8 July 2010
SARS needs to respect the rule of law before it starts dipping into consumers’ bank accounts, according to the National Consumer Forum.
Thami Bolani, the chairman of the NCF, said that recent threats by SARS had unnerved consumers because it was not clear what processes were in place to protect them against unilateral action by SARS.
SARS commissioner Oupa Magashule warned last week that taxpayers with multiple outstanding returns would be targeted by the administrative penalty system that came into force in January last year.
“Everyone recognises the need to pay tax, and the importance of taxes in meeting the development needs of the country,” said Bolani. “But we live under a constitution that protects our right to be assumed innocent until proven guilty. Every government agency and every business needs to have fair and transparent processes in place – which allow consumers to present their case – before any action is taken.”
Bolani said consumers were concerned about the possibility that SARS could ‘raid’ their bank accounts unilaterally and without consultation. “While SARS has tried to assure the public that this is not their intention, the idea suggests that we are retreating from our commitment to constitutional principles,” he said. “If the possibility exists that money can be taken directly from your bank account, then consumers can be justifiably nervous about mistakes being made that will jeopardise their financial security.”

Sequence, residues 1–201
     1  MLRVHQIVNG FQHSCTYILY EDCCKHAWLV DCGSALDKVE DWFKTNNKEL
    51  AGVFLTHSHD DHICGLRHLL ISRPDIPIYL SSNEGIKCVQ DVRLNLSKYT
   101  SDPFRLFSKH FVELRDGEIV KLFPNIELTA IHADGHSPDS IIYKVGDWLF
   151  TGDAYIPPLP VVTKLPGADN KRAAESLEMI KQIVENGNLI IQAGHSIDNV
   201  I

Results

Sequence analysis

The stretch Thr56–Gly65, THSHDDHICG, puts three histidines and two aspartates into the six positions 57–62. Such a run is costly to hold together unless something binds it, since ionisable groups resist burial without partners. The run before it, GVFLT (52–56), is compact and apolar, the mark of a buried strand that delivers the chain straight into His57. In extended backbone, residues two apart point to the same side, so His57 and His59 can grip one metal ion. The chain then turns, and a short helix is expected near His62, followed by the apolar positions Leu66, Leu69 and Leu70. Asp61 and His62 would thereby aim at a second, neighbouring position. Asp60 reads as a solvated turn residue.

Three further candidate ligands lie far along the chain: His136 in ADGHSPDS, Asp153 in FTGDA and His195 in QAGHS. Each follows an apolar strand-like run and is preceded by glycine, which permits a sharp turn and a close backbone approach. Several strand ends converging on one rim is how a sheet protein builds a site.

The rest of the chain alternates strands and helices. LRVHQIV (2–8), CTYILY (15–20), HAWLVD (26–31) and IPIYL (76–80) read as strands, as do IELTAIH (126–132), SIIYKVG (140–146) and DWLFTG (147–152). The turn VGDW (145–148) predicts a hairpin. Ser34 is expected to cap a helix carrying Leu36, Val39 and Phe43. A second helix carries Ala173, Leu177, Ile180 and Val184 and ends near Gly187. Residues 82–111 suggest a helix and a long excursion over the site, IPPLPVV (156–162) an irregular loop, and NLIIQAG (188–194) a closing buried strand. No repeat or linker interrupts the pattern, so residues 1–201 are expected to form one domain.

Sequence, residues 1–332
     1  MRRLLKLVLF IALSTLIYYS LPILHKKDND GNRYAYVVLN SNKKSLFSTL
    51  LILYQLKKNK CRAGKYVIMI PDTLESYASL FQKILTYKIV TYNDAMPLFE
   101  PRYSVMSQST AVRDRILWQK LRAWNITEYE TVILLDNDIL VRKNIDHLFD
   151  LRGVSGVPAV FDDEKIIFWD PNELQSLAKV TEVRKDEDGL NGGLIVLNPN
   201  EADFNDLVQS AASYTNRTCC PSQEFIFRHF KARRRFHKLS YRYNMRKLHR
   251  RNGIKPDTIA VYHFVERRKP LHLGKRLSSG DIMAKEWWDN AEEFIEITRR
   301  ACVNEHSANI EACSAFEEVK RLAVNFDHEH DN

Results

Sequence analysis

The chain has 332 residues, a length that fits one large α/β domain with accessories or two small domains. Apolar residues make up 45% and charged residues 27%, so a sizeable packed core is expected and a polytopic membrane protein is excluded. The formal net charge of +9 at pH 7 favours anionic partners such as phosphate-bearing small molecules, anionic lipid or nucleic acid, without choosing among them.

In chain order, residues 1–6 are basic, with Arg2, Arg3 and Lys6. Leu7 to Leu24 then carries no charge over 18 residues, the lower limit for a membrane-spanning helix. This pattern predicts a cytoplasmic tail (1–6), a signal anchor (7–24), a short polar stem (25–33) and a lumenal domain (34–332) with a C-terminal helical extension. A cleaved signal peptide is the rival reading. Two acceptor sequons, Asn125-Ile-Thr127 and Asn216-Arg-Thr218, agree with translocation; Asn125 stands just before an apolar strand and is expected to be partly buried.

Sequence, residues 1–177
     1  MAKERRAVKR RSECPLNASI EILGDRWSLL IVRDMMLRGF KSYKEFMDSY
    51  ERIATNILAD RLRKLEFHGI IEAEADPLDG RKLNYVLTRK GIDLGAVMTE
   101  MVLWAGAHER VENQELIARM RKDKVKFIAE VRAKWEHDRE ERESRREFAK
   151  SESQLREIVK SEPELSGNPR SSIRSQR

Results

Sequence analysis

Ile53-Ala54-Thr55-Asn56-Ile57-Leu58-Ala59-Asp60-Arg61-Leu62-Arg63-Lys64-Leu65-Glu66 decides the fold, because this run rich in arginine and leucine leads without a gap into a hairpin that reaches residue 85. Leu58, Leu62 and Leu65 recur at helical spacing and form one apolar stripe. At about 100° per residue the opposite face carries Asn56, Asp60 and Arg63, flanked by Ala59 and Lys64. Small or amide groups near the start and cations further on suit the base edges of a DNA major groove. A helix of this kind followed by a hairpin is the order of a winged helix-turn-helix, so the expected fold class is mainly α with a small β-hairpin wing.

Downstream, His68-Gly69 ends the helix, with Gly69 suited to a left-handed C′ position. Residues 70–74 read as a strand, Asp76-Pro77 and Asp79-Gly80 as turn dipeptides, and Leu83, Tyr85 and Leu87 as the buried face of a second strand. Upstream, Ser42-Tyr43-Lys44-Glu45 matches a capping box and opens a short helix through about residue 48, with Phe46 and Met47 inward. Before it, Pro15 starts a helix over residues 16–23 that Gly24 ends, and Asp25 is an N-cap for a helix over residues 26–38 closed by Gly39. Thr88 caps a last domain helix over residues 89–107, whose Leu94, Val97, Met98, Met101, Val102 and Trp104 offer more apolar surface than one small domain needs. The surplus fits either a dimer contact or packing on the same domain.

He said that SARS needs to make its systems and procedures very clear for everyone to understand, so that it does not create the wrong impressions about what it plans to do. It is vital that consumers’ rights are not compromised, he said, even when SARS needs to take direct action to recover unpaid taxes.
“Consumers are also very aware that the collection of taxes is generally a highly efficient and skilled operation, whereas the same cannot be said of many government institutions that spend our taxes,” said Bolani. “This adds to the widely-held perception among consumers that government collects our money more efficiently than it spends it.”
SARS said that it has already issued over 200,000 notices to taxpayers with outstanding returns for multiple years.